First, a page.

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  • #31
    So maybe we should divide the day up into two contexts: required and flexible.

    Required is the 'today' list -- it has from 3 to 5 priorities.
    Flexible is everything else.

    Do the required, then move on to the flexible.

    Keep the required context short and doable so that you virtually always make it.

    Enjoy picking and choosing from the flexible list.

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    • #32
      Originally posted by ArcCaster View Post
      So maybe we should divide the day up into two contexts: required and flexible.
      When do you decide what goes on which list?

      Flexible items will become required later, right? So you'll have to review all your items to make sure you're not missing something that's become more important, right?

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      • #33
        Try ETP (Emergent Task Planner).

        Try ETP (Emergent Task Planner). You can find the form and the description here http://davidseah.com/blog/the-printa...task-planning/.

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        • #34
          Originally posted by ArcCaster View Post
          So maybe we should divide the day up into two contexts: required and flexible.
          This is a good solution. I use respectively, red and yellow colouring of daily, untimed appointments in Outlook to achieve something similar. The key is to mark in red only those items which really need to be done on a given day.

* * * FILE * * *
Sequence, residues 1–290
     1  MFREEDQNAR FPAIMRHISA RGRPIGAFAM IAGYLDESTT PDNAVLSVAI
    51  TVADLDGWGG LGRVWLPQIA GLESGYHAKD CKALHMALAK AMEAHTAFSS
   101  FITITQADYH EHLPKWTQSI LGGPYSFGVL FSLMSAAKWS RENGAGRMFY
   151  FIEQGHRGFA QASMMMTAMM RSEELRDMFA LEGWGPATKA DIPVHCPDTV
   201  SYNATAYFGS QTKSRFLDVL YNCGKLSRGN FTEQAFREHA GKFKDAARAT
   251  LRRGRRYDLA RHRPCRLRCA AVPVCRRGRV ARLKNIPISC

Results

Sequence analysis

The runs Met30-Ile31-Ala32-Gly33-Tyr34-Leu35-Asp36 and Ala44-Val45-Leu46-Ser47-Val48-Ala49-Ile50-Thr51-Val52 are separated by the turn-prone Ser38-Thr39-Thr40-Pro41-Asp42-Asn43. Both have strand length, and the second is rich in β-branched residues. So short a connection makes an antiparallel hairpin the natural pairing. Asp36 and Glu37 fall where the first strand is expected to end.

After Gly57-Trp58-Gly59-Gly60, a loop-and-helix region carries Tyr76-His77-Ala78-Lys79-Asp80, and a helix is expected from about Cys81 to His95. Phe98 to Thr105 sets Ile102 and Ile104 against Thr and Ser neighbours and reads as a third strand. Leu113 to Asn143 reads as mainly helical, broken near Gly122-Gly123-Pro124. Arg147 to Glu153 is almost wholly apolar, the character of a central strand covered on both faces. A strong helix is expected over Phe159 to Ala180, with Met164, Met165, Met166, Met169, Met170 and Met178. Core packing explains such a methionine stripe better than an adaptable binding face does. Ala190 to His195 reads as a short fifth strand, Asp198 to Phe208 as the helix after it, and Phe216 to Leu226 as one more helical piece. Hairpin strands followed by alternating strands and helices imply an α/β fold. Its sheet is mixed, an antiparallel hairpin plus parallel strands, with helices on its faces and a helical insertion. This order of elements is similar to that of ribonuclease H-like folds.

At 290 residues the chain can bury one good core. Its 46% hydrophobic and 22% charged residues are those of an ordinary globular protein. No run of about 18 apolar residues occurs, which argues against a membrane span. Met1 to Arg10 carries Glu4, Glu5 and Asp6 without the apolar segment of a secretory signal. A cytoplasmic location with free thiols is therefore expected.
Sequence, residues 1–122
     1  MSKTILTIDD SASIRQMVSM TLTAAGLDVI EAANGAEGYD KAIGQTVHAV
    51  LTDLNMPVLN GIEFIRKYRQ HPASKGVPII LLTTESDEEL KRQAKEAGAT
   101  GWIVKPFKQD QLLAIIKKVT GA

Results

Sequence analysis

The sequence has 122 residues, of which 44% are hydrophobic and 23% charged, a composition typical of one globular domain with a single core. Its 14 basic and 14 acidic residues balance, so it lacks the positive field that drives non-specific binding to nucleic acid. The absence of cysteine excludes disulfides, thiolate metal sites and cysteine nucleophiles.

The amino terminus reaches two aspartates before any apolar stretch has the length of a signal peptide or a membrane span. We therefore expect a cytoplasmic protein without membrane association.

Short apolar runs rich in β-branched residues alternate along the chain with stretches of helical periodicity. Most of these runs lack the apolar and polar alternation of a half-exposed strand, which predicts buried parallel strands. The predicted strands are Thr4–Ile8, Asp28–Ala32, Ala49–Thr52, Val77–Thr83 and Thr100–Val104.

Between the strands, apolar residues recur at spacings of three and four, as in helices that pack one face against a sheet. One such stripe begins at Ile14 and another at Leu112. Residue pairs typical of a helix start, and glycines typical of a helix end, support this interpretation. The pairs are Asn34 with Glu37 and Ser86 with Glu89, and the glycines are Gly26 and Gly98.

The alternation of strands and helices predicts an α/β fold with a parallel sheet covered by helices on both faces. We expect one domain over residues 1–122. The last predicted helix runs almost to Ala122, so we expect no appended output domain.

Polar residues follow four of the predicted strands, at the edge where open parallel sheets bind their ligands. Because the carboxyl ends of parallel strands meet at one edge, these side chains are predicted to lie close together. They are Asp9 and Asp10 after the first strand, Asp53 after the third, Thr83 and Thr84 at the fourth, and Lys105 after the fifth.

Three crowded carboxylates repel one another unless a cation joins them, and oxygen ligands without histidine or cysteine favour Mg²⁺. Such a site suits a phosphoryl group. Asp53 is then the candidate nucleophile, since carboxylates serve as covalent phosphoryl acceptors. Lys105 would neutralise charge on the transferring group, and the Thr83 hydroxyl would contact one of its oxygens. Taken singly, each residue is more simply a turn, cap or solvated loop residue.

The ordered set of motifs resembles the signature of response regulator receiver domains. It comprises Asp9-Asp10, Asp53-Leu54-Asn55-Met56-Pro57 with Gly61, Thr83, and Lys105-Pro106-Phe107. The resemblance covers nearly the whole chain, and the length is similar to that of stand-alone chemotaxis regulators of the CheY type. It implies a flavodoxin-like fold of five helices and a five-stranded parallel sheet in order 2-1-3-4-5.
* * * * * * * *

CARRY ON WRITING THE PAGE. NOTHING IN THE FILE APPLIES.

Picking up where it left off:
Like others, I find it very difficult to work on a daily basis directly from context lists. The disadvantage of doing so is that each completion of a next action necessitates a new assessment of which next next action to be addressed. This imposes recurring interruptions which are particularly unwelcome in fast moving, reactive roles. I prefer to maintain my context lists as a holding place for actions that I need to complete at some point and to review daily to compile and prioritise a manageable list for the next day i.e. all in one go rather than between actions. Also, night-before planning is an effective technique for going home mentally unburdened and starting the next day's work quickly, moving rapidly from one action to the next.

          I do understand the appeal of a "no daily list" regime; end-of-day disappointment and frustration is avoided as no daily goals of lists are set in the first place, but I think this may be a luxury that can only be enjoyed by those who have more control over their daily events rather than by those who have to move fast and react quickly.
          Last edited by Howard; 01-06-2008, 09:14 AM.

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          • #35
            Originally posted by Howard View Post
            Like others, I find it very difficult to work on a daily basis directly from context lists. The disadvantage of doing so is that each completion of a next action necessitates a new assessment of which next next action to be addressed. This imposes recurring interruptions which are particularly unwelcome in fast moving, reactive roles. I prefer to maintain my context lists as a holding place for actions that I need to complete at some point and to review daily to compile and prioritise a manageable list for the next day i.e. all in one go rather than between actions. Also, night-before planning is an effective technique for going home mentally unburdened and starting the next day's work quickly, moving rapidly from one action to the next.
            Your concept of a "holding place" is exactly how I view mine, where I'm continuously reviewing, adding, deleting. I must primarily work from a ~5 item daily priority list first. Not too often can I just work one NA after another from the context list, like quite a few on this forum can. I've always wondered why do I always need to see the "why" for doing something.

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